WASHINGTON (AP) — The Bush administration urged the Supreme Court Tuesday to uphold a law against the promotion of child pornography, rejecting First Amendment claims that it limits legitimate creative expression.
Opponents of the provision of the 2003 federal law that sets a five-year mandatory prison term for promoting child porn have said that movies that depict adolescent sex could fall under the law.
But Solicitor General Paul Clement, the administration’s top Supreme Court lawyer, said the law is not meant to cover movies like “Lolita,” “Traffic,” “American Beauty” or “Titanic.”
“If you’re taking a movie like ‘Traffic’ or ‘American Beauty’ and you’re promoting it, you have nothing to worry about with this statute,” Clement said.
He asked the court to uphold the law as part of Congress’ effort to protect children by eliminating the widespread market in child pornography.
The 11th U.S. Circuit Court of Appeals struck down the provision because it makes a crime out of merely talking about illegal images or possessing innocent materials that someone else might believe is pornography.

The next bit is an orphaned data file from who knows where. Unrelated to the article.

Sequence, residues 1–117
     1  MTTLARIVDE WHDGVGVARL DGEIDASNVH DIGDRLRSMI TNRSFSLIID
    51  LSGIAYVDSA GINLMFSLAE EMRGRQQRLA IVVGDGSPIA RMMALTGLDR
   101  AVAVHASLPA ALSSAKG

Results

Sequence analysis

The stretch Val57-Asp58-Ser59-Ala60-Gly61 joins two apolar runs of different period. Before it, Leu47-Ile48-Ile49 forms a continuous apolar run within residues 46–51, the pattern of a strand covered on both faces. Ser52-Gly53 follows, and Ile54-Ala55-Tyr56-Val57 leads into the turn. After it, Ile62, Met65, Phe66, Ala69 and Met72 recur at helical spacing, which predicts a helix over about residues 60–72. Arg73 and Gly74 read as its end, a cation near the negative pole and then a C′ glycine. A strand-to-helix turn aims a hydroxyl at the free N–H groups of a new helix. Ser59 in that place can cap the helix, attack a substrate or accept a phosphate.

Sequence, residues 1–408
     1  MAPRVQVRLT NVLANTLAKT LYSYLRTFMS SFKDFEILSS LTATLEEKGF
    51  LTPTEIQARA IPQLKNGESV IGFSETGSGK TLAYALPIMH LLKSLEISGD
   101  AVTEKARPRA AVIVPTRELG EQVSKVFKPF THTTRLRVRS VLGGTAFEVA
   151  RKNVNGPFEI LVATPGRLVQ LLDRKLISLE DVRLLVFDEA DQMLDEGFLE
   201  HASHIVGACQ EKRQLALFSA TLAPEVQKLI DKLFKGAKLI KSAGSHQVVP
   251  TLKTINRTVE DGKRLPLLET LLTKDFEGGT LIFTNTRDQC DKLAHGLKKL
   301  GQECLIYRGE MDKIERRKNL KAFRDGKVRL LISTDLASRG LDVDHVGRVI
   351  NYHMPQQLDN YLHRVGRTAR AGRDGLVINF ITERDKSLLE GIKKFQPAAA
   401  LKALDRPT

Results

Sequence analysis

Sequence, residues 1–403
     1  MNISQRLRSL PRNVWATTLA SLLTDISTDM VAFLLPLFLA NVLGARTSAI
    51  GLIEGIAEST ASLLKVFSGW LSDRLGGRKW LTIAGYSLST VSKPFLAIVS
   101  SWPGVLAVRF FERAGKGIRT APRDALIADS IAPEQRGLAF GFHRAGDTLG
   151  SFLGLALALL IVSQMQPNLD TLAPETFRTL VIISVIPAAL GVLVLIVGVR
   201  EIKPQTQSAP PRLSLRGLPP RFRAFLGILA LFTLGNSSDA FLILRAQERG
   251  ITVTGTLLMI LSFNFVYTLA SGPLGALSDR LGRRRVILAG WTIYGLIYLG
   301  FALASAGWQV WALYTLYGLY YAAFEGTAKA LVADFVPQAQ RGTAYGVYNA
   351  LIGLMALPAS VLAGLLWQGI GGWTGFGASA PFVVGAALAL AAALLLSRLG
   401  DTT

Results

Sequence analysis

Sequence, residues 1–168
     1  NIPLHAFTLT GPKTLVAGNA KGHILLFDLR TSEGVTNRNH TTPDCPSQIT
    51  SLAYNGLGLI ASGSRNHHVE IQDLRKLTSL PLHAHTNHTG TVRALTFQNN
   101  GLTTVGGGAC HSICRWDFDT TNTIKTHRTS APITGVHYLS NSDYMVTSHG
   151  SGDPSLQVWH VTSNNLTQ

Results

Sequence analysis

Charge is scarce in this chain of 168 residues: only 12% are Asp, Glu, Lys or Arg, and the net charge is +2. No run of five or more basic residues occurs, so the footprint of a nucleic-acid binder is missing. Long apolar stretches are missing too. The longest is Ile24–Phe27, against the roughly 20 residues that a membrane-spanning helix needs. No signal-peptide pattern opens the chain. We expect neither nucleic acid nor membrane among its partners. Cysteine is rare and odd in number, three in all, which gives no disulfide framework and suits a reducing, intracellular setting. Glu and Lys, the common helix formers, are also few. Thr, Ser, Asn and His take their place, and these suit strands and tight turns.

In the appeals court’s view, the law could apply to an e-mail sent by a grandparent and entitled “Good pics of kids in bed,” showing grandchildren dressed in pajamas.
Richard Diaz, the lawyer for a Florida man convicted under the law, told the court, “It captures protected speech about materials that may not even, in fact, exist.”
In 2002, the court struck down key provisions of a 1996 child pornography law because they called into question legitimate educational, scientific or artistic depictions of youthful sex.
Congress responded the next year with the PROTECT Act, which contains the provision under challenge in the current case.
Authorities arrested Michael Williams in an undercover operation aimed at combating child exploitation on the Internet. A Secret Service agent engaged Williams in an Internet chat room, where they swapped non-pornographic photographs. Williams advertised himself as “Dad of toddler has ‘good’ pics of her an me for swap of your toddler pics, or live cam.”
After the initial photo exchange, Williams allegedly posted seven images of actual minors engaging in sexually explicit conduct. Agents who executed a search warrant found 22 child porn images on Williams’ home computer.
Williams also was convicted of possession of child pornography. That conviction, and the resulting five-year prison term, is not being challenged.
The case is U.S. v. Williams, 06-694.